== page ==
Our daughters are no fairytale princesses.  They will not NEED a man to save them.  They will be able to look after themselves. They will be self-sufficient and well able to provide for themselves, to follow their dreams, to be “anything they want to be”… but can we stop already with telling them that they DON’T need to be girly?

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This teeshirt made me mad when I saw it a few weeks ago.  Yes, by all means encourage our daughters to believe that they can achieve anything they dream of and work for, but why do we need to tell them that being girly or wearing pink or dreaming of being a movie star are signs of weakness?  What the feck is wrong with wanting to be a movie star?  Are Megan Markle or KatyBaby failures because they found their Princes?

My daughters love dresses.  They love sparkles. They love makeup and dressing up and singing and being all round princesses.  They also love superheros, dress up as Hulk,  football and Pokemon and they play ninjas and wrestle.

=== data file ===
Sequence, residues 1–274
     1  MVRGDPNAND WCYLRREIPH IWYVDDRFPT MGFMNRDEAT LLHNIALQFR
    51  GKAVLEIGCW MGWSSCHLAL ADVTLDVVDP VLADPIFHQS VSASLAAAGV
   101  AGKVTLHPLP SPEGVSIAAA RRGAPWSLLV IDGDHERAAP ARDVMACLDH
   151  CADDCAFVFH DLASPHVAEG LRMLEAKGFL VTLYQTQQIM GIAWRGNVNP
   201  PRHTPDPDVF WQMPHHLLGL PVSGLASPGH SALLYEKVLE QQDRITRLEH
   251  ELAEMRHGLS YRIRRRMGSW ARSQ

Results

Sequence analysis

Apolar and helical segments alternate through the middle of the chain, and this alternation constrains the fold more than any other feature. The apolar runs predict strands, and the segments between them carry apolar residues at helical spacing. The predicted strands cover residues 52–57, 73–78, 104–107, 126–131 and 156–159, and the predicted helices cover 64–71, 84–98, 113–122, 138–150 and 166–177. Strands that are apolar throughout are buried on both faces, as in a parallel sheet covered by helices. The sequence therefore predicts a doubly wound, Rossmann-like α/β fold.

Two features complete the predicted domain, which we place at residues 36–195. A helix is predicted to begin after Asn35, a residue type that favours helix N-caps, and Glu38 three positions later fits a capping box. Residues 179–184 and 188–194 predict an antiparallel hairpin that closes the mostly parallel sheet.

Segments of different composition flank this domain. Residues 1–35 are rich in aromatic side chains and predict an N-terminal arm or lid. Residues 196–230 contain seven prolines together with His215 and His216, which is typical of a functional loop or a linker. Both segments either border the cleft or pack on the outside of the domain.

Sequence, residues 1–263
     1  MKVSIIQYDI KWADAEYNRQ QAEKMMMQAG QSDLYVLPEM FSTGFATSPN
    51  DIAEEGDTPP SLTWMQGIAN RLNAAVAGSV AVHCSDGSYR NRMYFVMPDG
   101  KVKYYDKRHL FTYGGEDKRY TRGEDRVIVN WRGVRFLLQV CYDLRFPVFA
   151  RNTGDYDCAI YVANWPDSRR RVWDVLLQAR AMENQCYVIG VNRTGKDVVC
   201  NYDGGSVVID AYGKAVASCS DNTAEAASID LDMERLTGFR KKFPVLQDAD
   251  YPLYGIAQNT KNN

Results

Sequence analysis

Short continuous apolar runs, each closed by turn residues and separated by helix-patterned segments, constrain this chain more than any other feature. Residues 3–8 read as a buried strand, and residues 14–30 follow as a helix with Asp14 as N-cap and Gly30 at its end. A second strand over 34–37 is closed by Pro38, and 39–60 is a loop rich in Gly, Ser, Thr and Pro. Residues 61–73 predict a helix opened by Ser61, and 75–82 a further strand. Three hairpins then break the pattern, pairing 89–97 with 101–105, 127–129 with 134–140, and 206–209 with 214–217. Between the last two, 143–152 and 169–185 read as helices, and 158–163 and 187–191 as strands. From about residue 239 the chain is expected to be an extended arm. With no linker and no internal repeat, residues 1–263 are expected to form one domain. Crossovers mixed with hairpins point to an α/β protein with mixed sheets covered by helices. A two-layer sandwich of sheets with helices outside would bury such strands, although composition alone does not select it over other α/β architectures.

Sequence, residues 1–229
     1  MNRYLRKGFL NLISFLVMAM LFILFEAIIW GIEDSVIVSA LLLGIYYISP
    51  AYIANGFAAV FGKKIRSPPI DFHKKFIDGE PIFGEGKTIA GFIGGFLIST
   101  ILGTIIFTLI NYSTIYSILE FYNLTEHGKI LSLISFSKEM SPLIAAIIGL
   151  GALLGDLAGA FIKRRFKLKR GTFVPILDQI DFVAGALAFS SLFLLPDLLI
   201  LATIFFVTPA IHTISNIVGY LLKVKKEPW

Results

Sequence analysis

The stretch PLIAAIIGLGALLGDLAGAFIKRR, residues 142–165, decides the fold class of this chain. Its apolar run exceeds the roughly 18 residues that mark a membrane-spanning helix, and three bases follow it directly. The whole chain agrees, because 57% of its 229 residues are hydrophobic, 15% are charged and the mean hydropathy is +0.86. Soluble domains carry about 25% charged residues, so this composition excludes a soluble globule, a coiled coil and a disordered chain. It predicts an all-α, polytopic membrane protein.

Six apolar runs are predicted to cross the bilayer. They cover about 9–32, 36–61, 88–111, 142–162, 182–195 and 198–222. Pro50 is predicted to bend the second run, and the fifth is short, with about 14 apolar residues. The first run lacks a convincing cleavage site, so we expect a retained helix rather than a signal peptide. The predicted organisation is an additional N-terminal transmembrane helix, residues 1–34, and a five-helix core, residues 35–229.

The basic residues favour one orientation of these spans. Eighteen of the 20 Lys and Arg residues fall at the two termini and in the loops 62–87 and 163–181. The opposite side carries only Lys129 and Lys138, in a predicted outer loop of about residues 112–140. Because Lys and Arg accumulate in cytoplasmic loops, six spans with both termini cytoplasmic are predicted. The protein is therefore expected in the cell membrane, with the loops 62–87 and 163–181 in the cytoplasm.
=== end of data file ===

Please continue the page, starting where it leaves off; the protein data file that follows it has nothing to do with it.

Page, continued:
There is no “That is for girls” or “That is for boys” in our house.

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Because that is not how to teach our children equality.

I like football. I like MMA. I swear more than a lady should. I train along with the menfolk in Jim and I prefer Marvel movies to Chickflicks.  In my work and projects, I take no prisoners and do not see any man as better than me.  And yet, I love to do all things “girly” too. and I love to dress up and I like sparkly shoes.

Does that make me less? Does the fact that I like pink and glitter and girly stuff make me weak? Because it seems to me that we’ve gone beyond telling girls they can be anything, we’ve gotten to the point that being girly is snubbed and scoffed at and actually looked down upon.